SUWANEE, Ga. (AP) — An armed man who was having financial problems held four firefighters for hours in a suburban Atlanta home, demanding his cable and power be turned back on, before being shot dead when SWAT members stormed the house, authorities said Wednesday. The hostages had cuts and bruises from explosions that officers set off to distract the gunman before moving in, but they will be fine, a fire official said.
Minutes before the police announcement on the resolution, a huge blast could be heard a quarter-mile away from the home, shuddering through the Suwanee neighborhood, setting off car alarms.
Earlier Wednesday, five firefighters responded to what seemed like a routine medical call and were eventually taken hostage by an unidentified suspect inside the house, police said. The gunman released one of the firefighters to move a fire truck but held the other four.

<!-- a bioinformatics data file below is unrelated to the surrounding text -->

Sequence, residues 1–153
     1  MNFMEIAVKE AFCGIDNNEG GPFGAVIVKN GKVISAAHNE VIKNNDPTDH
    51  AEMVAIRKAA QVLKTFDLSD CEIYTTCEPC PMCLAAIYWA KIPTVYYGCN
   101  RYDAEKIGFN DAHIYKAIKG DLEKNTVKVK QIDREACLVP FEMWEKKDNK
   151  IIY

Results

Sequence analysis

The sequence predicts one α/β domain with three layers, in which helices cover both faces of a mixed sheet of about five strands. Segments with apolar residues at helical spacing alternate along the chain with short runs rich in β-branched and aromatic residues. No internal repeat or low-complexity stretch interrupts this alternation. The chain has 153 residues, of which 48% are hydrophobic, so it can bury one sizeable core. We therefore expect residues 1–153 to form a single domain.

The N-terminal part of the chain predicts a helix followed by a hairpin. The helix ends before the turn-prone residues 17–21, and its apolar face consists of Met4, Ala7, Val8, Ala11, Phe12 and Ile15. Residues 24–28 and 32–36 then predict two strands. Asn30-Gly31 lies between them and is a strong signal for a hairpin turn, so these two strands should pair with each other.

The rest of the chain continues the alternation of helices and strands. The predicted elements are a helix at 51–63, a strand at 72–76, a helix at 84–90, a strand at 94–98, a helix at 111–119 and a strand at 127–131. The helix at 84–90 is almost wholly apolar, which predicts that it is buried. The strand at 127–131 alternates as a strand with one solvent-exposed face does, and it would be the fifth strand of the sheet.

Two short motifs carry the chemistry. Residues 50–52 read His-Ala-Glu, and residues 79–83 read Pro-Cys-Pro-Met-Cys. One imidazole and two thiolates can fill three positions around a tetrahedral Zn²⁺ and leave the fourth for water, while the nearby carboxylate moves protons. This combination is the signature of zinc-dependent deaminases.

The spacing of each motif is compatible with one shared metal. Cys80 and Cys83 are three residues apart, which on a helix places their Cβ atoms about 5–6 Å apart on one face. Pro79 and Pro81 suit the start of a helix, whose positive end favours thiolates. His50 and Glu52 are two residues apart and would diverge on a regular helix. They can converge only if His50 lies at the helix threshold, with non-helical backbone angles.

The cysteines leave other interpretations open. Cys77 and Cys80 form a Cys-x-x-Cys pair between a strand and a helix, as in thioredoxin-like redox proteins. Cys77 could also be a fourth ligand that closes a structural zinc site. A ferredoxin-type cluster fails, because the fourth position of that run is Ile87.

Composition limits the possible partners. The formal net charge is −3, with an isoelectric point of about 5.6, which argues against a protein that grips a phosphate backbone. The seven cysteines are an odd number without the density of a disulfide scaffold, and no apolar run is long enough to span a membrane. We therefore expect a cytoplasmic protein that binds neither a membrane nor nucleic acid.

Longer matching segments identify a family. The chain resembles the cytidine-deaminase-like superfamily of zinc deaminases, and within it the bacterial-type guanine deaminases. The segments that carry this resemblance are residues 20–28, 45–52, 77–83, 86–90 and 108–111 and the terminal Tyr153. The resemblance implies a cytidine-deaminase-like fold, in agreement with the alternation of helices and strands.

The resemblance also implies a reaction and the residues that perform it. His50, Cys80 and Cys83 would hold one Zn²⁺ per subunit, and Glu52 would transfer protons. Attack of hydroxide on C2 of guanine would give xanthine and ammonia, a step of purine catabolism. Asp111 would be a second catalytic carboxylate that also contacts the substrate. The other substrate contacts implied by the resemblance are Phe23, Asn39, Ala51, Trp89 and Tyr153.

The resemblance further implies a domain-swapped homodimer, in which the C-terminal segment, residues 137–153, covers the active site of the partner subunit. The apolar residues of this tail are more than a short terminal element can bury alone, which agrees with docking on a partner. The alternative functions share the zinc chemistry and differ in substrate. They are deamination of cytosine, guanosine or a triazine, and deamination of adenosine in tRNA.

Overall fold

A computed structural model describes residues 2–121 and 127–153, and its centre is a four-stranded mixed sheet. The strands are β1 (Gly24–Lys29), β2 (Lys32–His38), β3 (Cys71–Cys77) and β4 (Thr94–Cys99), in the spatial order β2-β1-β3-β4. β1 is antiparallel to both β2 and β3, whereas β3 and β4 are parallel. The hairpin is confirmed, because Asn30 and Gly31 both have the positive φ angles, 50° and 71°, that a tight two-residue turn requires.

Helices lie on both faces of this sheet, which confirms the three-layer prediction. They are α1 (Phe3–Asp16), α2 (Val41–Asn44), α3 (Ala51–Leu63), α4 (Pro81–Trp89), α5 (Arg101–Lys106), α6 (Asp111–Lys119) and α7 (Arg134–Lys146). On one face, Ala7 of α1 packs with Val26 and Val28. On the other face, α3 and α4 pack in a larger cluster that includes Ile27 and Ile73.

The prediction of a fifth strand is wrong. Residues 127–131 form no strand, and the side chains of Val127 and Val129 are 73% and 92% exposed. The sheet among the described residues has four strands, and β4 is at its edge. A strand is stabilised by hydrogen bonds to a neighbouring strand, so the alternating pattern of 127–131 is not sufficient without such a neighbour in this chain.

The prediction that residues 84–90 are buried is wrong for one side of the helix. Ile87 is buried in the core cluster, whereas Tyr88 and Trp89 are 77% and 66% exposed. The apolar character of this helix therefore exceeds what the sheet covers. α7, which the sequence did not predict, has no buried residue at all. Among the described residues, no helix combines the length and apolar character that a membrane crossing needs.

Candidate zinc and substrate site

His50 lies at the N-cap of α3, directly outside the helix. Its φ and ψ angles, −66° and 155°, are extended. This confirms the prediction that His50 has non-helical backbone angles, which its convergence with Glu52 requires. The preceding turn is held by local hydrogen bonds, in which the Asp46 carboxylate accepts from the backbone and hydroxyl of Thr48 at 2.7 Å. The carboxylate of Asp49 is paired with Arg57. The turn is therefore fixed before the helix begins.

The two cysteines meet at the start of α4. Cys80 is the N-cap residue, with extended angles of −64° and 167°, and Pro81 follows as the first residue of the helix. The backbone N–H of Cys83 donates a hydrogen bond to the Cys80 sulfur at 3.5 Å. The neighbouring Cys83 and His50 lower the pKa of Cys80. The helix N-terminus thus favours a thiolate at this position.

Dozens of police and rescue vehicles surrounded the home and a negotiator was keeping in touch with the gunman, police said. The situation remained tense until the blast rocked the neighborhood of mostly two-story homes and well-kept lawns. Residents unable to get into their neighborhood because of the police cordon flinched and recoiled as the enormous blast went off.
Soon after the stun blast, officers exchanged gunfire with the suspect and a SWAT member was shot in the hand or arm, but should be fine, said Gwinnett County Police Cpl. Edwin Ritter. Ritter would not saw how the gunman was fatally shot, saying it was being investigated.
"The explosion you heard was used to distract the suspect, to get into the house and take care of business," Ritter said in a news conference minutes after the resolution. He said the situation had gotten to the point where authorities believed the lives of the hostages were in "immediate danger."
The gunman, who has not been identified, demanded several utilities be restored, Ritter said. According to public records, the home is in foreclosure and has been bank-owned since mid-November.
"It's an unfortunate circumstance we did not want to end this way," Ritter said. "But with the decisions this guy was making, this was his demise."
Firefighters were able to use their radios to let the dispatch center know what was going on, said Fire Capt. Tommy Rutledge said, and Ritter said officials decided to "get control of the situation" and do it swiftly.
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